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Mid-afternoon napping is important for health, well-being

Mid-afternoon napping is important for health, well-being

Posted: Friday, March 8, 2013 8:00 pm
By: By Donna Ryder

Mid-afternoon napping is important for health, well-being | Donna Ryder, Just A Thought

Early Sunday morning most Americans will lose an hour when Daylight Saving Time begins. I say most because some states don’t recognize Daylight Saving Time.
For those of us who keep our regular, busy schedules and remember to “spring” our clocks forward an hour before we go to bed, we may end up dragging ourselves to church Sunday morning. Some people may even catch a nap during the preacher’s sermon. It has been known to happen. I just hope I haven’t been one of them.
Because it is important to get enough sleep — the Mayo Clinic suggests seven to nine hours for adults each night —  the day after Daylight Saving Time is unofficially known as National Nap Day. It was named such by Boston University professor William Anthony and his wife, Camille, in 1999.
This fun holiday encourages people to take a much needed nap, wherever they may be.
Visitors to Vienna can take that literally.
The Associated Press recently reported that Peter Schurin has opened Reflexia, a business “offering deal-makers, movers and shakers and foot-sore tourists respite.” A half-hour power nap will cost about $15. Reflexia is located behind a Gothic church and surrounded by Renaissance-era houses. Behind its massive arches and thick walls built centuries ago are soft mood music, dim lighting and black leather loungers separated by Japanese folding screens. For those wanting an hour-long snooze, Reflexia also offers a private chamber for about $60.
Those who can’t sleep can play computer games, grab a book off the club room’s shelf or just sit back and relax with a coffee, tea or soft drink and a bite of prosciutto with chunky bread for about $8 an hour.
Schurin describes his establishment as “a fitness center for the spirit.”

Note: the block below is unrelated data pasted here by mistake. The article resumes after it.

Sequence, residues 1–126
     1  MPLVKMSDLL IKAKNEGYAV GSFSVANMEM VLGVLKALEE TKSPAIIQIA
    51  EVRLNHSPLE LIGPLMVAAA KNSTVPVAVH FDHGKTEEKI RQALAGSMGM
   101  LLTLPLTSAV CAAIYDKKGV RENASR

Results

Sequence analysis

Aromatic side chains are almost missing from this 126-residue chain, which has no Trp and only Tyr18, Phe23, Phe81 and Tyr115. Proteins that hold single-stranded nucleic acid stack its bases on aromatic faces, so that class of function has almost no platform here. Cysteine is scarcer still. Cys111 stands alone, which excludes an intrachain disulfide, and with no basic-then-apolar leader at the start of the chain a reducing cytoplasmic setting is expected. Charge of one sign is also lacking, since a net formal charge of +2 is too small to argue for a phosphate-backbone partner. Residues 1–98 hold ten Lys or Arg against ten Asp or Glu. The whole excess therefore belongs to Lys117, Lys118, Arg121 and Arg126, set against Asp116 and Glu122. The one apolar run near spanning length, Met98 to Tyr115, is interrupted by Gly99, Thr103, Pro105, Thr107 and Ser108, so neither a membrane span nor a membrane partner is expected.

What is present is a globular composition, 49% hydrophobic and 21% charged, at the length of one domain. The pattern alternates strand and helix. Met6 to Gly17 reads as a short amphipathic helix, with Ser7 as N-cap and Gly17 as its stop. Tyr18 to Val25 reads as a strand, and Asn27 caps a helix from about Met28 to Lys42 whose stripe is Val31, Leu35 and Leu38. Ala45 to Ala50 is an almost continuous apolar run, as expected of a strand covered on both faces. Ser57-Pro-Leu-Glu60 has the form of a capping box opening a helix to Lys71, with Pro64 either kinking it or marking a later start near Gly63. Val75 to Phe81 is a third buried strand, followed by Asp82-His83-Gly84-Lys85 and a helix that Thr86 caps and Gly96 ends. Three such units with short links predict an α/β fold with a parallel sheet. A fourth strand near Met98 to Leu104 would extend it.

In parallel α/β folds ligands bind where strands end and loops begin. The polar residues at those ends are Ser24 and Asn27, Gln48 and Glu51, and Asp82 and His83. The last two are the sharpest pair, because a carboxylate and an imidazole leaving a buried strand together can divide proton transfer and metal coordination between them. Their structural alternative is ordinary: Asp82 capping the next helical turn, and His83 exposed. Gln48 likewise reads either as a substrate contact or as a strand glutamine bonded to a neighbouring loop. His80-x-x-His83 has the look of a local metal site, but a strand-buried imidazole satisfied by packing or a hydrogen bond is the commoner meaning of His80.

Napping has its benefits, including relaxation, reduced fatigue, increased alertness, improved mood and improved performance, such as quicker reaction time, better memory, less confusion and fewer accidents and mistakes, according to the Mayo Clinic.
Of course, napping isn’t for everyone.
Some people may feel groggy and disoriented after waking up from a nap and they may have trouble going to sleep at night, especially if they have enjoyed a long nap during the day.
The best ways to get the most out of a nap include:
• Keeping it short. About 10 to 30 minutes should be long enough to re-energize the body.
• Taking naps in the afternoon. The best time for a nap is usually midafternoon, around 2 or 3 p.m., according to the Mayo Clinic. “This is the time of day when you might experience post-lunch sleepiness or a lower level of alertness. In addition, naps taken during this time are less likely to interfere with nighttime sleep.”
• Making sure naps are taken in a restful environment — a quiet, dark place with a comfortable room temperature and few distractions.
Now, if you will excuse me, I think I will go take a nap.
Associate Editor Donna Ryder can be contacted by email at dryder@ucmessenger.com.

Published in The Messenger 3.8.13

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